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ISSN: 1734-9338
Advances in Interventional Cardiology/Postępy w Kardiologii Interwencyjnej
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vol. 17
Image in intervention

The power of gold: a tip for an uncrossable ostial lesion

Krzysztof K. Ściborski
Michał Furdal
Adam Porada
Paweł Szymkiewicz
Artur Telichowski

Department of Cardiology, 4th Military Hospital, Wroclaw, Poland
Adv Interv Cardiol 2021; 17, 2 (64): 226–227
Online publish date: 2021/07/09
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Uncrossable lesions are lesions that cannot be crossed with a balloon or microcatheter after guide wire crossing. They constitute a considerable challenge in coronary interventions and are associated with poor outcome in patients undergoing rotational atherectomy (RA) [1]. Most of the documented methods cannot be applied in true aorto-ostial lesions with severe stenosis. Such lesions require a nonstandard approach that has not been precisely described in any expert documents so far [2–4].
In our case, coronary angiography revealed subtotal occlusion of the right coronary artery ostium (Figure 1 A). Ad hoc percutaneous coronary intervention (PCI) failed due to inability to cross the lesion with a balloon catheter (1.5 × 10 mm, Solarice, Medtronic). Three days later, an attempt at PCI with RA was made. However, we failed to advance a tapered, low-profile tip microcatheter (FineCross MG, Terumo) or a low-crossing profile balloon (Ryurei, 1.0 × 5 mm, Terumo), despite the exchange of a guide catheter. Attempts at direct insertion of the RotaWire Floppy (Boston Scientific) guide wire with Finecross microcatheter support were also unsuccessful. Balloons negotiated as far as possible into the lesion and inflated at high pressure also did not produce desirable effects. Finally, after introducing a guide wire (Fielder XT, Asahi) into the distal part of the vessel, we decided to use a microcatheter with a gold-plated, threaded metallic tip (Turnpike Gold Catheter, Teleflex) in an attempt to screw it through and anchor at the beginning of the lesion, which proved to be feasible (Figure 1 B). The stable catheter position achieved by the screw-like advancement of the distal end of the catheter tip into the lesion allowed a successful passage of the RotaWire Extra Support guide wire, and RA was performed using a 1.25-mm burr (Figure 1 C). Next, standard balloon angioplasty and stent implantation were performed (Figure 1 D).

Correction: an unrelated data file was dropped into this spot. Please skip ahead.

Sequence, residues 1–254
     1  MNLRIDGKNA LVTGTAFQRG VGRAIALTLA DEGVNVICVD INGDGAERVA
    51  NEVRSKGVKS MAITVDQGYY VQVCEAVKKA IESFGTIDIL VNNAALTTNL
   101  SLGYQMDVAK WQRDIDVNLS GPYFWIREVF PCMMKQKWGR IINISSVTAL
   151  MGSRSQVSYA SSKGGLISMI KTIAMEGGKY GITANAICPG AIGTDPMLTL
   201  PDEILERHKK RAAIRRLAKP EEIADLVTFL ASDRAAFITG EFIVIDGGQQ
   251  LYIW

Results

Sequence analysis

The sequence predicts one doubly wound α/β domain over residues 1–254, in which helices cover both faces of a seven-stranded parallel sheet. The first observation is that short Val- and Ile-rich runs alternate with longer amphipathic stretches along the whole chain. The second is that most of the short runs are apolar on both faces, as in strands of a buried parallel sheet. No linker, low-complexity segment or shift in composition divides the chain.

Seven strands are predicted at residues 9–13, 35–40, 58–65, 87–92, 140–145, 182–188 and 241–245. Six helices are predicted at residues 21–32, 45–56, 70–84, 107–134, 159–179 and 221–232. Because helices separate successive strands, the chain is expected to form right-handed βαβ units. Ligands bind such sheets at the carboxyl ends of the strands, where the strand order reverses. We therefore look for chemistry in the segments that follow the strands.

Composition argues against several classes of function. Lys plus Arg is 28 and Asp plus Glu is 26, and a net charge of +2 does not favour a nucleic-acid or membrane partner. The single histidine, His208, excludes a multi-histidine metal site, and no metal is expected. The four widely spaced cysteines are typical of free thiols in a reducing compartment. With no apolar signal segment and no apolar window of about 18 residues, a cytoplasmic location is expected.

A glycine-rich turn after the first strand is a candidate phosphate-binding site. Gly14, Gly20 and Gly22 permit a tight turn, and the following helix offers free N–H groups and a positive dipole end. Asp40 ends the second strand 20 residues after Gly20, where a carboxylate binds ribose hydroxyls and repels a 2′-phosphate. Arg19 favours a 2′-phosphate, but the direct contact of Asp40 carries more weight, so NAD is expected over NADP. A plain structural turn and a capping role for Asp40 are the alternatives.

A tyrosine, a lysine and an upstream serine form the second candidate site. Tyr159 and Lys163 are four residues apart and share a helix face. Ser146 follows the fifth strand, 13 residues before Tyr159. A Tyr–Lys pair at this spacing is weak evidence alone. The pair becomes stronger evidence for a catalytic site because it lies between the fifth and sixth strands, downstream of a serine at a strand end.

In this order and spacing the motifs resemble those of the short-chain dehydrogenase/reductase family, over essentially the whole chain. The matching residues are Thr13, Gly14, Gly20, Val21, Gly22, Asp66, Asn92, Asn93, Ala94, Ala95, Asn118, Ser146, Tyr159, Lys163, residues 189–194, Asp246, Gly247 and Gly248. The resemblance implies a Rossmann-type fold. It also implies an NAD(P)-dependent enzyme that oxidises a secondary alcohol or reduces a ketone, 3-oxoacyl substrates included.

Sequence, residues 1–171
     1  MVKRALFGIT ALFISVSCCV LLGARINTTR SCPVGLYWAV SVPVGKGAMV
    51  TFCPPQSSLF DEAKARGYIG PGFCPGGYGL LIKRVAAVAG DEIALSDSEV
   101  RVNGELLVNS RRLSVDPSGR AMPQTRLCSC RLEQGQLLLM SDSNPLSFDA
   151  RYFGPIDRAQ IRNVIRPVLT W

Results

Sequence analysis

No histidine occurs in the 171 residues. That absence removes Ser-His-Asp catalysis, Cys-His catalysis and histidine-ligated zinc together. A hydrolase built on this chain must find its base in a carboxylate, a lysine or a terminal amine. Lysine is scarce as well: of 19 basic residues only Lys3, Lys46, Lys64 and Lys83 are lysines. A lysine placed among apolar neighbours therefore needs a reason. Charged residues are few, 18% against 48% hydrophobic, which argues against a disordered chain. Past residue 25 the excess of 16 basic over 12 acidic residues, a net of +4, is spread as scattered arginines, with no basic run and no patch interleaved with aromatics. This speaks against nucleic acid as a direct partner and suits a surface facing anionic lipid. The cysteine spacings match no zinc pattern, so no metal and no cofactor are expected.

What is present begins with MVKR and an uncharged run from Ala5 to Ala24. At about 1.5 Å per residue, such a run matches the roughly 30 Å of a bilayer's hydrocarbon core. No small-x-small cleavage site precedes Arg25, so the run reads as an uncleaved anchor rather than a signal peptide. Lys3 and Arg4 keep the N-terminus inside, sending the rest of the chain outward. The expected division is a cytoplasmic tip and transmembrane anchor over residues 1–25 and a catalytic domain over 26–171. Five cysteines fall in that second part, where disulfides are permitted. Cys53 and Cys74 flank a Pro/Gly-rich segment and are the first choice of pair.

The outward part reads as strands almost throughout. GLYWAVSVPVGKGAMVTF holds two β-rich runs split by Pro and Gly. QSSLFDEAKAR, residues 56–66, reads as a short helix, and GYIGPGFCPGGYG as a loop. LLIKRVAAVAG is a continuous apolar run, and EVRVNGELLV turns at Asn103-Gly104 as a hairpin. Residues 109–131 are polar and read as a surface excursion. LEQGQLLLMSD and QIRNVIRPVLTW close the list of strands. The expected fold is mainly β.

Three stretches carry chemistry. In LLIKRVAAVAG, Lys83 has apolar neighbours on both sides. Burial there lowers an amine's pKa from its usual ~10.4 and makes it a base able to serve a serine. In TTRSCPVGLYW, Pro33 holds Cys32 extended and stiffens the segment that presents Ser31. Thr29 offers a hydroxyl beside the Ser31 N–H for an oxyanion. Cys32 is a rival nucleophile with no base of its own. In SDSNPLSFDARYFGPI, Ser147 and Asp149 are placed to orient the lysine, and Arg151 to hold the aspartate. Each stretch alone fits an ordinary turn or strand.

Adequate guide catheter support is the key to successful PCI. However, in true ostial coronary lesions with critical stenosis, the choice of the catheter is guided by the type of the lesion rather than the operator’s preference. The usefulness of the mother-in-child approach or various anchoring techniques is also limited in such cases. RA requires a special guide wire that may be unable to penetrate the uncrossable lesion. An attempt at plaque modification using even a dedicated microcatheter with well-documented efficacy in uncrossable lesions, such as Tornus (Asahi), may prove unsuccessful. This is because even though it was designed with threads to screw into the lesion, the outer coils are placed behind the tapered tip, and for the screwing to be effective, at least minimal support is needed in order to insert the tip into the lesion as far as the edge of threads, which could be too much for extremely tight aorto-ostial lesions. Therefore, in a clinical scenario of extremely tight ostial lesions without adequate support, the use of a unique Turnpike Gold catheter may prove valuable because it has an additional polished threaded gold tip capable of screwing through resistant lesions, thus enhancing penetrative capability.

Conflict of interest

The authors declare no conflict of interest.


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2. Elrayes MM, Xenogiannis I, Nikolakopoulos I, et al. An algorithmic approach to balloon-uncrossable coronary lesions. Catheter Cardiovasc Interv 2021; 97: E817-25.
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Copyright: © 2021 Termedia Sp. z o. o. This is an Open Access article distributed under the terms of the Creative Commons Attribution-NonCommercial-ShareAlike 4.0 International (CC BY-NC-SA 4.0) License (http://creativecommons.org/licenses/by-nc-sa/4.0/), allowing third parties to copy and redistribute the material in any medium or format and to remix, transform, and build upon the material, provided the original work is properly cited and states its license.
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